What does an obnoxious person have in common with sandpaper? Both are abrasive. Anything that grates or irritates — physically or metaphorically — can be described using this adjective.

The history of the word abrasive illustrates how a word typically enters the English language and then changes with time. The English verb abrade "to wear down by scraping" entered the language from Latin abradere "to scrape off" in the late 1600s. Some 200 years later, the adjective form of the word — abrasive — came into use to describe a type of grinding tool. By the 1920s, abrasive had acquired the more figurative sense of annoying and infuriating. If you find someone abrasive, he or she grinds away at your nerves.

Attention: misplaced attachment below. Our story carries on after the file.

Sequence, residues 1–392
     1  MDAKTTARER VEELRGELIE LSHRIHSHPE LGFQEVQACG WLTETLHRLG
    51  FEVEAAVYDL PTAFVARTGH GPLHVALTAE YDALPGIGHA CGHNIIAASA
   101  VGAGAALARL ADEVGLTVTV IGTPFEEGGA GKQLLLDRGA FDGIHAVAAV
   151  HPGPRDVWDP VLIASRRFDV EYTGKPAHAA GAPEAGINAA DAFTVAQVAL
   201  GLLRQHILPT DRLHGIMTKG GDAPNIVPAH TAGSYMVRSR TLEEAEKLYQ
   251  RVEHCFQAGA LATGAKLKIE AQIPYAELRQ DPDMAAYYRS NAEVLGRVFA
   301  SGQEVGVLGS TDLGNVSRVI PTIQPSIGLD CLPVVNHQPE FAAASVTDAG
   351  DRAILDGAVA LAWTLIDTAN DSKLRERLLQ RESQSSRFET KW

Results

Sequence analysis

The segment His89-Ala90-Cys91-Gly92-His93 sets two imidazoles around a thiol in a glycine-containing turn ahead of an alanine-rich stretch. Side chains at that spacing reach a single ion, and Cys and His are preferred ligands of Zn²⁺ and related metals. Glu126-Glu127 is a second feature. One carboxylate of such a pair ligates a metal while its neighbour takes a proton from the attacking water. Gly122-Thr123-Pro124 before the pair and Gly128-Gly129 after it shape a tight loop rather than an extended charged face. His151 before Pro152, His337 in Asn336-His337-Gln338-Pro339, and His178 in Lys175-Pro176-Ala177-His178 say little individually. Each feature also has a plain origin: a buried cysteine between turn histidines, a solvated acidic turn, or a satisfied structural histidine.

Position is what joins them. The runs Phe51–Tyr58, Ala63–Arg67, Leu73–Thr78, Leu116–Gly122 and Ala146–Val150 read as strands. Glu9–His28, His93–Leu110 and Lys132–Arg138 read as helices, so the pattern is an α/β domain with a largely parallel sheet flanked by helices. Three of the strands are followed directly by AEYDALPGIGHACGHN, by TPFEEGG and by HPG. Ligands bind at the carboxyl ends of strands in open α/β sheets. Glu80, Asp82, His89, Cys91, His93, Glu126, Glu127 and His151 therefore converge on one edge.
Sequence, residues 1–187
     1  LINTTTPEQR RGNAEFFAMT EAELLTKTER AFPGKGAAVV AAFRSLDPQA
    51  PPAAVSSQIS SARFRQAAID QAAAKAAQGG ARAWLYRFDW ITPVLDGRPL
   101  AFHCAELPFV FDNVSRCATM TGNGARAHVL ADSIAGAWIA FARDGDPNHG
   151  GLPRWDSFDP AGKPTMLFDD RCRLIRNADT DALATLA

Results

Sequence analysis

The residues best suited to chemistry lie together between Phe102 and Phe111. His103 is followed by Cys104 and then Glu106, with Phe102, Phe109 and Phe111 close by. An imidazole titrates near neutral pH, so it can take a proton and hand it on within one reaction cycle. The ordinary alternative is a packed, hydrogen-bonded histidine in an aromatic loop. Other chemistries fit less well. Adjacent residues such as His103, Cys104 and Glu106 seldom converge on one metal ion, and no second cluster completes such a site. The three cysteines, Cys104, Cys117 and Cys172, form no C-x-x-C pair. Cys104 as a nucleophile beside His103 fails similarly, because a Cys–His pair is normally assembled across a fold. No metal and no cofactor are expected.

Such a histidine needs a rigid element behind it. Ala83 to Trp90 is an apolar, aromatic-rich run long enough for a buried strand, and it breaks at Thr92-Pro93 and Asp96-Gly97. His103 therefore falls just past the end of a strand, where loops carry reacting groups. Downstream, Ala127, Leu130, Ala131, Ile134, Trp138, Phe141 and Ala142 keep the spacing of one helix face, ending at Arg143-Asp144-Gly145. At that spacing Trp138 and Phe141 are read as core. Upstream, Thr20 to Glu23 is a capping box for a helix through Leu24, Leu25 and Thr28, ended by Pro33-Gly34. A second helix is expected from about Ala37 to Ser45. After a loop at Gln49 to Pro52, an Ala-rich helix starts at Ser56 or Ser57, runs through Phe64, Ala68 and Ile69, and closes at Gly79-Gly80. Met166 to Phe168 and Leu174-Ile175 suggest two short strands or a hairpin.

Definitions of abrasive

adj causing abrasion

rough, unsmooth
having or caused by an irregular surface

adj sharply disagreeable; rigorous

“an abrasive character”
not to your liking

n a substance that abrades or wears down

abradant, abrasive material
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an abrasive composed of silicon carbide crystals
steel wool, wire wool
a mass of woven steel fibers used as an abrasive
emery cloth
cloth covered with powdered emery
emery paper, sandpaper
stiff paper coated with powdered emery or sand
Type of:
material, stuff
the tangible substance that goes into the makeup of a physical object